By John Pappalardo
Our mantra here at the Fishermen’s Alliance is that when it comes to fishing, and eating fish, local is where it’s at.
We make the case all kinds of ways:
We know that our fish is the healthiest and best in the world.
We know it is caught by men and women who live among us, friends and neighbors who make our communities stronger with their participation and economic input.
We know that the historic fishing fleet thinks about tomorrow as well as yesterday and today, believes in habitat protection and what they call “sustainability,” would love to see the next generation harvest the seas.
We know the work is hard, sometimes dangerous, but people are paid for what they do, respected for the effort, and have options, career and growth opportunities.
Yes, we know that sometimes local fish is more expensive, and that makes it harder for consumers to make the choice. We sympathize, but we understand why.
We also understand that local fishing captains and crews take pretty much all of the risk, but don’t take all of the profit. So we continue to do what we can to make the industry more equitable, more diverse, more homegrown.
Then along comes yet more proof that local is the way, proof we wish didn’t exist.
Earlier this month The New Yorker Magazine, in partnership with a group called the Outlaw Ocean Project, published a very lengthy article, four years of research and investigation in the making, that exposes what they call “the shadow armada,” Chinese fishing vessels that roam the world.
These factory trawlers stay out month after month, in this case targeting and processing squid world-wide. The working conditions are forced labor, captivity approaching slavery, virtual kidnapping, documented cases of what can only be called torture and even murder.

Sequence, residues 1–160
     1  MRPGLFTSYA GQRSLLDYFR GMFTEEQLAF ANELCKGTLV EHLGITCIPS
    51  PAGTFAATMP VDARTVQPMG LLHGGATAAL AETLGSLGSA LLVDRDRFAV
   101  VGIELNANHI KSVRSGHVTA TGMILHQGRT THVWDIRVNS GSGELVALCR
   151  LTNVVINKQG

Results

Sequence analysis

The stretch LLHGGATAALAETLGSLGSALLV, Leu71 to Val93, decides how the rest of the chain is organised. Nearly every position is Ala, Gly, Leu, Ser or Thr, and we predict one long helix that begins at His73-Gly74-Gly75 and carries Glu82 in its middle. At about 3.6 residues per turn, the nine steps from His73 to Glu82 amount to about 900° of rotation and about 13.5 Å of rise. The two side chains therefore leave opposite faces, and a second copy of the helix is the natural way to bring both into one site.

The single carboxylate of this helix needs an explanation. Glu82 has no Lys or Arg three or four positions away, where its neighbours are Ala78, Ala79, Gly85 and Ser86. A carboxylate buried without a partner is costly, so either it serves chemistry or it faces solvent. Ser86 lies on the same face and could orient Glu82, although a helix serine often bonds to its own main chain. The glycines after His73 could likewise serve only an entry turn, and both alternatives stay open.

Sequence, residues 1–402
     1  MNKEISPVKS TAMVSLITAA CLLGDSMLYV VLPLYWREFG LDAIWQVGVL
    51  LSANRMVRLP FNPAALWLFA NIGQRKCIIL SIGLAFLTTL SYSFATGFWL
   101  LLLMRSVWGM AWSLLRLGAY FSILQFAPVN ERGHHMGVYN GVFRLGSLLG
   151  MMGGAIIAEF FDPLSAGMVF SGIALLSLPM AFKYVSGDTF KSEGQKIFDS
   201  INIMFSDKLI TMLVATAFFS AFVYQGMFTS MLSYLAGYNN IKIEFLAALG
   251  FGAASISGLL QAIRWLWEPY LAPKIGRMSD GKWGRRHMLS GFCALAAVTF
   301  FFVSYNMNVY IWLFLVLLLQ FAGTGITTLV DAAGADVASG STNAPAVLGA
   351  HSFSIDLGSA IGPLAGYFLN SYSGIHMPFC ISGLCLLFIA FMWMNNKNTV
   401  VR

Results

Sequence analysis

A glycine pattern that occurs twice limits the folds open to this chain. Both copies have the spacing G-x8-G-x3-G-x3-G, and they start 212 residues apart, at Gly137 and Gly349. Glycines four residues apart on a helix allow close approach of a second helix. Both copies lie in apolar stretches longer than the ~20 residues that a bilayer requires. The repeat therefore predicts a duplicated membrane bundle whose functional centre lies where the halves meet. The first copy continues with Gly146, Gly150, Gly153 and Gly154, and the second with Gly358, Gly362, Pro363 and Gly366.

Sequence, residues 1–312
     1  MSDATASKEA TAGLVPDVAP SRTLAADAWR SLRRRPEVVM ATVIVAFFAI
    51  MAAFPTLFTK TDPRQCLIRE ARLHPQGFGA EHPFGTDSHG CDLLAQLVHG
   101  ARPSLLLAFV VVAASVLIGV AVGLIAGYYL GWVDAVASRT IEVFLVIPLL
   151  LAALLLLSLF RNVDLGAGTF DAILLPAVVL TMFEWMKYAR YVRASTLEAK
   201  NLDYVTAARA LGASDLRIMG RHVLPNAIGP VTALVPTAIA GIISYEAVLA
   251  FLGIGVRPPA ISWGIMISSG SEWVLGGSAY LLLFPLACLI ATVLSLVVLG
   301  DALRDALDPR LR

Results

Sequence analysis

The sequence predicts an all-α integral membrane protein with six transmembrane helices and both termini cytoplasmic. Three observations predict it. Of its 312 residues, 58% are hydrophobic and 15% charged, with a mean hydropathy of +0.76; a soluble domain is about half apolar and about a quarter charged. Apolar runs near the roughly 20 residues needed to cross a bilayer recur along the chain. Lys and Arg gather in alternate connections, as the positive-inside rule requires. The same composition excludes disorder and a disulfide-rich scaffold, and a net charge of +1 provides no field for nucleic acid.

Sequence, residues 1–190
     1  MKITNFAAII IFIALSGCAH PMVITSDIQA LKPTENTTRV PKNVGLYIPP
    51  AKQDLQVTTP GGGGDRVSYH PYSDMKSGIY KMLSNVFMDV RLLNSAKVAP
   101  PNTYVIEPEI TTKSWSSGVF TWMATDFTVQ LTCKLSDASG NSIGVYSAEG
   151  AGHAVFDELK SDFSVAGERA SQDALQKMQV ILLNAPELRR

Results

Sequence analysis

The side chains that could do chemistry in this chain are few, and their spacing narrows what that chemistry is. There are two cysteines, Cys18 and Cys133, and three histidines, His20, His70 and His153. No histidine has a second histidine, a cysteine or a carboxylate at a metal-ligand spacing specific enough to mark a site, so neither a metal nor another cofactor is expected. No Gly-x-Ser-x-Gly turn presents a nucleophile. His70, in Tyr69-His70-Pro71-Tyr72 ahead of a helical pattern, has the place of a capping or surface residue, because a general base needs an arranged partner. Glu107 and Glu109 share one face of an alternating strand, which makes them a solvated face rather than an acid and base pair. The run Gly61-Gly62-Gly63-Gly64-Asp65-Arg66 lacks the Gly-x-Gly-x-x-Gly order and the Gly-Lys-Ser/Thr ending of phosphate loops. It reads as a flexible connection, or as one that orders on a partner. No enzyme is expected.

And wherever they go, they rape the ocean.
This lawless, brutal fleet is the biggest in the world, owned and operated by Chinese state-sponsored corporations. Flung across the seas, the fleet also has another apparent purpose; provide military intelligence to that government.
The reporting — painstaking, dangerous — is so horrifying that it’s difficult to read. It is both personal, following the lives (and deaths) of people who have become captives in this system, bringing us onto dark decks of huge factory trawlers, then broadly showing how a multi-national economic structure creates demand and profit for this exploitation.
It is horrifying, so disturbing that I hesitate to recommend a read. But I will because I must:
Like I said, we don’t need this kind of reality to make the case for buying local. Our reasons, based on and in our own communities, are more than enough. Were all the world like us, relying on independent fishermen and families, small boats that honor a tradition, we would still advocate just as hard for what we stand for, and celebrate our compatriots wherever they work.
But understanding that horror like this still exists, and knowing that one of the few ways to stop it is by choking off demand and profit from their human rights and environmental atrocities, only adds to our commitment.
John Pappalardo is CEO of the Cape Cod Commercial Fishermen’s Alliance